Philadelphia’s murals need a makeover

    It’s a big job maintaing 3,000 murals

    Philadelphia’s three thousand public murals are part of the city’s identity – but they’ve become a maintenance headache. The Mural Arts Program has spent more energy making new work than keeping up the old. It recently began redouble its efforts to monitor and repair murals
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    The Mural Arts Program has been at it for over 25 years. Some murals age better than others.

    “This is in bad shape. Water has degraded it.”

    That is Seth Turner. Part of his job with the Mural Arts Program is to cruise around neighborhoods to see what murals could use some touch-ups. But the stucco on this wall at 36th and Fairmount is crumbling off the building, taking the mural with it.

    “If I were to bang on this it’s hollow. There’s a hollow spot here. You don’t want to throw paint on this because it’s going to fail.”

    Seth Turner
    Seth Turner

    Turner has a tape measure and a laptop. He logs notes and measurements of every mural he sees into a computer database the Mural Arts Program has recently installed. It tracks the condition of the 3,000 piece collection.

    Before the tracking system, repainting or structural repairs were done whenever somebody happened to notice, but often nobody would.

    “They are not in a gallery. They are not in a climate-controlled environment with guards saying, ‘don’t touch.’ They live outdoors. Birds poop on the murals, the sun damages the murals, water, smog, soot, the whole shebang.”
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    Two other public art offices in the city do not paint murals. Both the Redevelopment Authority and the Office of Arts and Culture have 1% programs. As in, 1% of the cost of new development on city-owned land goes to public art. The administrators of those programs avoid murals because, for one, they need constant maintenance, and also paint on walls just isn’t ambitious enough for them. Murals are fickle.

    “Over time the neighborhood changes. The community may not be fond of it anymore.”

    Murals are not without their critics. Last fall the urban planning group Penn Praxis issued a report which said the Mural Arts Program is not coordinated with any city-wide public art plan nor any urban renewal plan. That it is flying unchecked. The program creates as many as 150 new murals a year; that’s one almost every other day. When director Jane Golden started 25 years ago it was all about putting paint on walls.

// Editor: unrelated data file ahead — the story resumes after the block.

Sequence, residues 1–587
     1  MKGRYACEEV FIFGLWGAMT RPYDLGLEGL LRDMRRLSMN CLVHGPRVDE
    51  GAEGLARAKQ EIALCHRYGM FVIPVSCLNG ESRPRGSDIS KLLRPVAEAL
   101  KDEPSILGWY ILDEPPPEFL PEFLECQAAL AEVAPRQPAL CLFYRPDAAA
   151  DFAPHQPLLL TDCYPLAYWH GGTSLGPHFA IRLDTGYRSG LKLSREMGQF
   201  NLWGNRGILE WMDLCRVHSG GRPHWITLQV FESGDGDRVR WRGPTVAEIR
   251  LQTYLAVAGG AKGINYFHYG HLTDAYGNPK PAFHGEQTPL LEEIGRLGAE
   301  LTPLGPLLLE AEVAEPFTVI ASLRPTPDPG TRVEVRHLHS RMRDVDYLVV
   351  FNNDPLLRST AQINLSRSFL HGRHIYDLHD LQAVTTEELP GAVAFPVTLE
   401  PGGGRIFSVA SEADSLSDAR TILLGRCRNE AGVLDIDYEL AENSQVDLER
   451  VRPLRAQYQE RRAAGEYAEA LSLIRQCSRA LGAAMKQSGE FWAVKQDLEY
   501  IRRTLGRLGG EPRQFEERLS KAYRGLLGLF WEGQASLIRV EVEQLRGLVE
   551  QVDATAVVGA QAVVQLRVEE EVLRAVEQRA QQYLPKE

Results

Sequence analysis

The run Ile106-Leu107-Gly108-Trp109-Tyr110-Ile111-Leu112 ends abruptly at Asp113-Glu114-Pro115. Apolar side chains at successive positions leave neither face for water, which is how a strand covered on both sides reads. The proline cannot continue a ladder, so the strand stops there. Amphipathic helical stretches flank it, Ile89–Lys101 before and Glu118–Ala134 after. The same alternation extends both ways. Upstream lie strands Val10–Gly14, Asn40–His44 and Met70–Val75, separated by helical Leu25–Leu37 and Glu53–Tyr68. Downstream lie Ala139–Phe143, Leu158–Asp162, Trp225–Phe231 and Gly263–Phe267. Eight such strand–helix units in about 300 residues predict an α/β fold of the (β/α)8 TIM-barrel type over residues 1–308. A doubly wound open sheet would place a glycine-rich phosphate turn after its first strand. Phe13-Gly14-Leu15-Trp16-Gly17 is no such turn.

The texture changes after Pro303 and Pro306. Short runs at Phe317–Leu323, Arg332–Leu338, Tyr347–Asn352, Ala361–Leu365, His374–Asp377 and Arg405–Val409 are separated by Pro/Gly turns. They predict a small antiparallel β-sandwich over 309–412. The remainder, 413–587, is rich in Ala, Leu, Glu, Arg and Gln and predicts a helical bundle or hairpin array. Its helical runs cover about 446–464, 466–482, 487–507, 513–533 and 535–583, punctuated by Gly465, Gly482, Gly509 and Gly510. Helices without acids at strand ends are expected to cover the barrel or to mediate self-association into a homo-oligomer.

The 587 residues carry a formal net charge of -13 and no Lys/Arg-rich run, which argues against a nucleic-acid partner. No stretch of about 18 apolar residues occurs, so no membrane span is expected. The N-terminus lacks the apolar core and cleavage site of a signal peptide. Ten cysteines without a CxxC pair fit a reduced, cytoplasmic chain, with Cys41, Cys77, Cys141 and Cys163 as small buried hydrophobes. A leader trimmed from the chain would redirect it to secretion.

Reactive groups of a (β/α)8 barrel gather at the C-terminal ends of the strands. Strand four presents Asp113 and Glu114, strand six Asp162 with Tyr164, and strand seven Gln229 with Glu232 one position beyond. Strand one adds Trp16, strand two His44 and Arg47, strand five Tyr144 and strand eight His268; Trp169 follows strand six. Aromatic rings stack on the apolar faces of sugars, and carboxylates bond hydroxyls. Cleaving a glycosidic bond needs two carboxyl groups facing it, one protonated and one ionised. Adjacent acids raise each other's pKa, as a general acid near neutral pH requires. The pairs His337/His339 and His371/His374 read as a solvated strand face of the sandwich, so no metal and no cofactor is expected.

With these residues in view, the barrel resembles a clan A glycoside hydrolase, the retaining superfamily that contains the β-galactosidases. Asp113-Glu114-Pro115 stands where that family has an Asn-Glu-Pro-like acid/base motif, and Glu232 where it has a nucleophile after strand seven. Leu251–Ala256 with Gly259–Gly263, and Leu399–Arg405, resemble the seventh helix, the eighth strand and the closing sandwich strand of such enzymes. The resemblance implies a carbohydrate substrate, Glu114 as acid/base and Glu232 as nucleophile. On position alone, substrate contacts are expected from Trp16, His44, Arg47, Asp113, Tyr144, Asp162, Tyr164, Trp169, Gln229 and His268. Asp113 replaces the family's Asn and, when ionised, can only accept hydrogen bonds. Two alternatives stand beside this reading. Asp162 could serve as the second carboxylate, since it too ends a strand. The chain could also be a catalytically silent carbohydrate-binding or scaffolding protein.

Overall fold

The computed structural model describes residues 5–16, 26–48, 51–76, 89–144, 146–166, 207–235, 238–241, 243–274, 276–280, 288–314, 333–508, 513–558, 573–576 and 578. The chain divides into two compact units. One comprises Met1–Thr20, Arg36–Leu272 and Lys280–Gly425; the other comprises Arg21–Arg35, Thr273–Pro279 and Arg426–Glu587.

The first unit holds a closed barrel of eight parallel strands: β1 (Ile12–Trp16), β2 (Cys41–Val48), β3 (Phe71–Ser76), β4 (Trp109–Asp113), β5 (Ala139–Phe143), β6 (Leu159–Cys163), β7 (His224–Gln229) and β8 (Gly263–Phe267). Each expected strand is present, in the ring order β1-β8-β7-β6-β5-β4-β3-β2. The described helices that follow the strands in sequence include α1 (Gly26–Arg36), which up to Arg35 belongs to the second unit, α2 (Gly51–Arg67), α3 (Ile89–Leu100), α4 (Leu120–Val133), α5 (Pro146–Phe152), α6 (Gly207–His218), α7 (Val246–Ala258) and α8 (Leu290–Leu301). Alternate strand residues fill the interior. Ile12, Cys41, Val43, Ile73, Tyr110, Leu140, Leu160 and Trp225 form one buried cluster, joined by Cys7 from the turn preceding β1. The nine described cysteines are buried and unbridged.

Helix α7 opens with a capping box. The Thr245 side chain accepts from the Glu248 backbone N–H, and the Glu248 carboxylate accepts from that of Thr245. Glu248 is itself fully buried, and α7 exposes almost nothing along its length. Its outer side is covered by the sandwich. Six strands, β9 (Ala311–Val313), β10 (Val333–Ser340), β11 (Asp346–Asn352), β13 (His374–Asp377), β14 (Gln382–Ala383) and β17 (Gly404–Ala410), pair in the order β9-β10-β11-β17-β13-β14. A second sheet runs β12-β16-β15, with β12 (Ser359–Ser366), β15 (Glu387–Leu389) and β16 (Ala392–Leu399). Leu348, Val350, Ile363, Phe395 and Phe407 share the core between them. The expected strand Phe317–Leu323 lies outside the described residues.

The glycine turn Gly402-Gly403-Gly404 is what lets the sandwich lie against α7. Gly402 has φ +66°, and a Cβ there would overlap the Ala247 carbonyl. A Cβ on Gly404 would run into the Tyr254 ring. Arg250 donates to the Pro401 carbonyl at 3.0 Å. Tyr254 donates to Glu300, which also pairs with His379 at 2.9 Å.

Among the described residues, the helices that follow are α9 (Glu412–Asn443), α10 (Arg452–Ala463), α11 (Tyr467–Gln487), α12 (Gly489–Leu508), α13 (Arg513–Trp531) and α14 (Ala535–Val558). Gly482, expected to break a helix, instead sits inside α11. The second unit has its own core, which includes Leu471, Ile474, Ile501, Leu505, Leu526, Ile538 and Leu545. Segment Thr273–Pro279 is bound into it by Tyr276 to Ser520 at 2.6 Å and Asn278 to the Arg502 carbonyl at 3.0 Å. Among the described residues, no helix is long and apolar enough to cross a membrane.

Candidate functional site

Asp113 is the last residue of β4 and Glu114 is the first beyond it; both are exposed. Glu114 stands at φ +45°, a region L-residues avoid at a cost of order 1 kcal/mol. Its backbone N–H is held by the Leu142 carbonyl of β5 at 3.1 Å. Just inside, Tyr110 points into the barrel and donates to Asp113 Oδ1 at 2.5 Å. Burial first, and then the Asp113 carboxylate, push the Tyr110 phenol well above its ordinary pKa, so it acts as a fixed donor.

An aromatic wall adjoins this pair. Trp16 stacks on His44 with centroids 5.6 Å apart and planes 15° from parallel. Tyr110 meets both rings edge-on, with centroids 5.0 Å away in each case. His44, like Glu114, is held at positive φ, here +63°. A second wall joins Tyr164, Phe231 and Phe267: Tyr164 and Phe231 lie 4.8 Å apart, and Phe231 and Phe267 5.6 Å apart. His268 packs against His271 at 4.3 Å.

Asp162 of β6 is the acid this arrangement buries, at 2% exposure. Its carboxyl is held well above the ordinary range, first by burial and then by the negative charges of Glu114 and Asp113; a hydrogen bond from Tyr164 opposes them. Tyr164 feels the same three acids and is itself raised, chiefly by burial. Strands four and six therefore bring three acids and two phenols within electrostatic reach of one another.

“It was essentially me and 100 kids and we had so much enthusiasm. Every day was spent on scaffolding, or talking about the mural. And it was great. But the art wasn’t great.”

    A case in point is a mural at 40th and Parkside. It was painted in late 80’s and features re-created family photographs from African-American residents in the neighborhood. It’s called Black Family Reunion. It’s not the most dynamic image, and after 15 years it was getting long in the tooth. The Mural Arts Program sent word to the neighbors that they were considering replacing it with a mural about Alex’s Lemonade Stand – the cancer charity.

    “They said no. Definitely no.”

    Alice White is the block captain of that neighborhood.

    “The family reunion represents our history. The Lemonade Stand meant nothing.”

    The director of the Partnership Community Development Corporation in West Philadelphia, Stephen Williams, goes past it a few times a week.

    “Every time I go past – been past a million times – I still stop and stare. Makes you think of different things about your own family.”

    After a community meeting, the Mural Arts Program relented. The mural still stands, restored.
    Dr J
    Next year the Program will launch an African-American package – a series of podcasts and maps highlighting murals with a common theme, like Black Family Reunion in Parkside and Dr. J in North Philadelphia. Seth Turner says the mission of the Mural Arts Program is to make empty walls look good.

    “After 25 years of getting good at that – now we’re going to have to get used to maintaining these walls.”

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